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TAPIT -- the next THE TETRARCH? (no kidding)
https://www.pedigreequery.com/forum/viewtopic.php?f=21&t=28861
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Author:  Jorge [ Sun Sep 05, 2010 10:27 am ]
Post subject:  TAPIT -- the next THE TETRARCH? (no kidding)

I don't remember of any gray sire whose sons and daughters were top quality performers fashioning a high percentage of winners in their first start at the track. Awesome. Just take a look at hisincredible numbers.

I am under the impression that we are witnessing the next The Tetrarch (gray H 1911), whose coat color was spread exponentially two generation later, thanks to his role as a broodmare sire: not to tak about his sons.

Author:  kimberley mine [ Sun Sep 05, 2010 6:00 pm ]
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Actually, I think that honour would ENTIRELY belong to Linamix.

Author:  Jorge [ Sun Sep 05, 2010 7:32 pm ]
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I understand and sort of partially agree with your opinion regarding Linamix, but there is a key difference. When The Tetrarch established his paradigm, England was a leading breeding force of enormous importance worldwide. In other words, the achievements of The Tetrarch were the achievents of the world so to speak. I am not sure that is the case with Linamix in the US. On the other hand, of course it's too early to trumpet Tapit's merits on a global scale right now; but looks to me that his trend is quite auspicious. If Linamix's merits were heavily felt on the western side of the Atlantic I would agree immediately. Anyway it's too early to proclaim Tapit without reserve for we are already witnessing another gray stallion whose sons and daughter are great but there are some durability concerns about his gets right now (no name will be alluded). On the other hand Tapit's progeny looks impressive from a durability standpoint and looks like having the potential to extend his breeding influence worldwide. But other than this digression, Linamix is an extraordinary candidate.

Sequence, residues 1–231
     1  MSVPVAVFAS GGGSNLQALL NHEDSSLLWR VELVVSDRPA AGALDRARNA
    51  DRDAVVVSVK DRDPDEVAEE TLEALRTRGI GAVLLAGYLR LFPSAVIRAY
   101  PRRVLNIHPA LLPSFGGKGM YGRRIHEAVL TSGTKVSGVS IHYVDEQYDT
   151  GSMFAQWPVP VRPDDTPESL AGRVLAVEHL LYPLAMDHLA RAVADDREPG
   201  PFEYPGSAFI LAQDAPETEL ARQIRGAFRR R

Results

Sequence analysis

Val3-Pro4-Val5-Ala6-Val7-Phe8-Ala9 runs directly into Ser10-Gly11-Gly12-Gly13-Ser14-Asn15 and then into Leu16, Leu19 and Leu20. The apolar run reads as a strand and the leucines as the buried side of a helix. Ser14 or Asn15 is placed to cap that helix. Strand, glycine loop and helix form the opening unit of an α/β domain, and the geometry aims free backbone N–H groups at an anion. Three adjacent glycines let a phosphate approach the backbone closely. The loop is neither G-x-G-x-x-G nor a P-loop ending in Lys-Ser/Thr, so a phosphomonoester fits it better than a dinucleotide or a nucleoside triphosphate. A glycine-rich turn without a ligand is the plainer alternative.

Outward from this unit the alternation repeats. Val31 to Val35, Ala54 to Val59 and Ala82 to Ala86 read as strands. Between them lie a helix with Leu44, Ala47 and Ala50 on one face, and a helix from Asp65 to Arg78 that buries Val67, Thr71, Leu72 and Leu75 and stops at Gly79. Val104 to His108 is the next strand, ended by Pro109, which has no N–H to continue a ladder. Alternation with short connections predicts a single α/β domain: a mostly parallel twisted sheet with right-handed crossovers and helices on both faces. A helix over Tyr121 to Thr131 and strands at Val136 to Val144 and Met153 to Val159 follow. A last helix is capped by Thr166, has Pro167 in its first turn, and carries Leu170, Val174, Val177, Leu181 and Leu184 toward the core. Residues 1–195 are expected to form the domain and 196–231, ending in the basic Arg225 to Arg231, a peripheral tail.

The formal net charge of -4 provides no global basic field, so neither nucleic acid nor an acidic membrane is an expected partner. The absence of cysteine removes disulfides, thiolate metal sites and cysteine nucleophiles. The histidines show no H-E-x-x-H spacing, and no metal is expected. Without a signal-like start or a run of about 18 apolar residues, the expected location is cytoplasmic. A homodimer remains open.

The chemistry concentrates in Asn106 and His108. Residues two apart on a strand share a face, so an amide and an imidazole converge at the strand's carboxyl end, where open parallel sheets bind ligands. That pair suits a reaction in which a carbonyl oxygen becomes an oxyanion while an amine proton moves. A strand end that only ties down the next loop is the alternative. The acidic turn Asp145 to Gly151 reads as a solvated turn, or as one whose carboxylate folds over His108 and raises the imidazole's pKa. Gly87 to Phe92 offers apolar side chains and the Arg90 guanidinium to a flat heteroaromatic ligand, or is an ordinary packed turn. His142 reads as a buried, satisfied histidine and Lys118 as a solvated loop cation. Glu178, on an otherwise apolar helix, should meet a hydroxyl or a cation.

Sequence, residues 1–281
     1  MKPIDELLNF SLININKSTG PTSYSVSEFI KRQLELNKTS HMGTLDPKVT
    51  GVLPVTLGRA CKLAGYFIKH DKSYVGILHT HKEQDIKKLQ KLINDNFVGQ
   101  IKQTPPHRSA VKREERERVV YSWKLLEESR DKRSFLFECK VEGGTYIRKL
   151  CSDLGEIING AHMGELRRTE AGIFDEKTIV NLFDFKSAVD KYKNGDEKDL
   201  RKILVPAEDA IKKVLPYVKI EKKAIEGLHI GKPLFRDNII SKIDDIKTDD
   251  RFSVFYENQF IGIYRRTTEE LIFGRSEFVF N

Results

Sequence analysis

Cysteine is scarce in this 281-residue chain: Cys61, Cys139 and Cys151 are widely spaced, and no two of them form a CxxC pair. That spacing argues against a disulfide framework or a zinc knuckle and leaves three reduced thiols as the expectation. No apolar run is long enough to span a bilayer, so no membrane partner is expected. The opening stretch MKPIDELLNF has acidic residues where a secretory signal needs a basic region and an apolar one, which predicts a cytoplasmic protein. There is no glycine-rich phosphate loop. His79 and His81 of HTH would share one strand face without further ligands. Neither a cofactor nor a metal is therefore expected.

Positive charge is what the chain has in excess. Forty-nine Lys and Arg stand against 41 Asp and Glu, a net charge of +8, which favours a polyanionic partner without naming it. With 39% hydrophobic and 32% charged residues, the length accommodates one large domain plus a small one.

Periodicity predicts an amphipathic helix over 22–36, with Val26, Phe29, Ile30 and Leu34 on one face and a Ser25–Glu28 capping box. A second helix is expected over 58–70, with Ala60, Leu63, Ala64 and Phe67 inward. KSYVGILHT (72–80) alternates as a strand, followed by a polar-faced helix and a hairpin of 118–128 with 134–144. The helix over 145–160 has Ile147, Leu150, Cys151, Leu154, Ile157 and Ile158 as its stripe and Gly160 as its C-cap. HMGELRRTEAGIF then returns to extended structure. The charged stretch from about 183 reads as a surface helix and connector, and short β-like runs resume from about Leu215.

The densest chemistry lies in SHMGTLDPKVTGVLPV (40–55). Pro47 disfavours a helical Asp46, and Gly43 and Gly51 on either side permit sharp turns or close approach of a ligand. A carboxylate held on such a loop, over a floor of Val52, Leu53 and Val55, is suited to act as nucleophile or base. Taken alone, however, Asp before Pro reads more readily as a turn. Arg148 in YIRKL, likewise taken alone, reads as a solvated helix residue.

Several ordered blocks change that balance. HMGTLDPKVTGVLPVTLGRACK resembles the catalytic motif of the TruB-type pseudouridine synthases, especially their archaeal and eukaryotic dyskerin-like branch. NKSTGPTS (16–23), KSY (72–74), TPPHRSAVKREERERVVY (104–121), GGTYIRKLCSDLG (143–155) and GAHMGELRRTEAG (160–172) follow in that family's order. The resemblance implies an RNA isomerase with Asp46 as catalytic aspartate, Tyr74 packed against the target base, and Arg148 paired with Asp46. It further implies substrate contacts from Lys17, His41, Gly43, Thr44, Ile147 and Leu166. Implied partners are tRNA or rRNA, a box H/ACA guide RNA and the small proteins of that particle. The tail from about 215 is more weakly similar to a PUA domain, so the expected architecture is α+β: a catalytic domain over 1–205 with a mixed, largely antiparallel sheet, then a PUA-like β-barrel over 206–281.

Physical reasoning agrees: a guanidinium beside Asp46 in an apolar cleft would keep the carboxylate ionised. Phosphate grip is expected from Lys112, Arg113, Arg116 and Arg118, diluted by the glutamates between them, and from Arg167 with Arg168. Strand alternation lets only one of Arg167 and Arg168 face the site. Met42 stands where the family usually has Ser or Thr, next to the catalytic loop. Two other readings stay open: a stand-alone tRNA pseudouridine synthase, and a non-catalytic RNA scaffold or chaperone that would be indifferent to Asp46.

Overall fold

Author:  ElPrado [ Mon Sep 06, 2010 4:37 am ]
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Regarding the unnamed gray stallion, if his offspring were allowed more time to mature (as they are practically all very tall and usually immature when I have seen them at 2) they would probably fare better in training. Many are very talented and immature at the same time.